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Writing CVs...


A CV is a brief summary of your abilities, education, experience and skills. Its main task is to convince prospective employers to contact you.

A CV has one purpose: to get you a job interview.

CVs must do their work quickly. Employers or personnel officers may look through hundreds of applications and may spend only a few seconds reviewing your CV. To get someone to look at it longer, your CV must quickly convey that you are capable and competent enough to be worth interviewing.

The more thoroughly you prepare your resume now, the more likely someone is to read it later.

Gather and check all necessary Information.

Write down headings such as Education, Experience, Skills. Beneath each heading, jot down the following information:

EDUCATION - usually means post-secondary and can include special seminars, summer school or night school as well as College and University. If you are just starting College, you can include high school as well. List degrees and month/year obtained or expected; names and locations of schools, grades. A brief summary of important courses you've taken might also be helpful.

EXPERIENCE - includes full-time paid jobs, academic research projects, internships, part-time jobs or volunteer work. List month/years you worked, position, name and location of employer or place and responsibilities you had.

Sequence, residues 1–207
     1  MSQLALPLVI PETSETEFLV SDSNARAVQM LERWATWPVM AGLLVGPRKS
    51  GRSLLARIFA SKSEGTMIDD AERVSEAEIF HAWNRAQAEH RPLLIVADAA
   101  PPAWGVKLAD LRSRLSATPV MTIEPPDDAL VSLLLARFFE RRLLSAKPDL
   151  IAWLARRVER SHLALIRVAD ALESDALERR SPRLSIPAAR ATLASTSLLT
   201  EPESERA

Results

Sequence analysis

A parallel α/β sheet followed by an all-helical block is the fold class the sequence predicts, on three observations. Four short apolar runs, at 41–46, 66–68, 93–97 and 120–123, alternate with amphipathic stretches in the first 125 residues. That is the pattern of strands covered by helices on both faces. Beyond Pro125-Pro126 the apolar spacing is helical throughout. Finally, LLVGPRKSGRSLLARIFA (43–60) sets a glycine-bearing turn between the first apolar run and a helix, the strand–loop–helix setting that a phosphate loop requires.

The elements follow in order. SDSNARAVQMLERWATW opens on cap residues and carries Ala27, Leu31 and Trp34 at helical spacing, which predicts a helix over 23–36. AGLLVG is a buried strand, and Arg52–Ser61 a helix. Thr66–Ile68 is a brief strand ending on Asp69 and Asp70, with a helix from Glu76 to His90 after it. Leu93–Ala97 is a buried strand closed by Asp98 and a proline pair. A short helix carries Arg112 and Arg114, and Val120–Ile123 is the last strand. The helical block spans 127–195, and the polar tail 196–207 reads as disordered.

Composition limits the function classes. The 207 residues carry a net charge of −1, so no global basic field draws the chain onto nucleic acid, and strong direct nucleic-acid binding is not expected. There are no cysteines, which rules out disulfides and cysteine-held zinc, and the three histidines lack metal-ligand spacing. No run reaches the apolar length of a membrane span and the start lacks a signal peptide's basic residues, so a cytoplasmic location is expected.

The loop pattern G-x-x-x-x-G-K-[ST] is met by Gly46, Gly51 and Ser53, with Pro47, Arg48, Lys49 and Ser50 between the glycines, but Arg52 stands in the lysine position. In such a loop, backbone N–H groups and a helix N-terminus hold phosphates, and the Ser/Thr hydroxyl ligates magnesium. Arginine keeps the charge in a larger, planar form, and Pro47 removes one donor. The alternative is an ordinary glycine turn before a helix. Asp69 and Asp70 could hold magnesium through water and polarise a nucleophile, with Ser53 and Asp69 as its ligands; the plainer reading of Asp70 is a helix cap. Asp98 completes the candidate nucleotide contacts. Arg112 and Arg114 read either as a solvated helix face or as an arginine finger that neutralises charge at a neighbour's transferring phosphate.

As you describe your experiences, ask yourself questions like:

  • Have I invented, discovered, coordinated, organised or directed anything professionally or for my community?
  • Do I meet deadlines consistently?
  • Am I a good communicator?
  • Do I enjoy teamwork?

Even if you're new to a field, you aren't necessarily starting from scratch.

SKILLS - list computer languages and software, foreign languages indicating fluency, teaching or tutoring, communication or leadership, among others.

After you have all this information, check it for accuracy. You'll need full names, correct and consistent dates and correct spellings.

Example of a GOOD CV

Example of a BAD CV

Match your skills and experience with your employers needs

POSITION - what kind of position do you want for this job-search? Make notes. Now match your wishes up with positions that are actually available. You can get this information through postings, ads, personal contacts, or your own research.

EMPLOYER - for certain positions, what aspects of your education, experience or skills will be most attractive to that employer?

Highlight details that demonstrate your capabilities

Look over what you've written and try to select details of your education, experience, qualifications, skills and activities that match an employer's needs in a few important areas.

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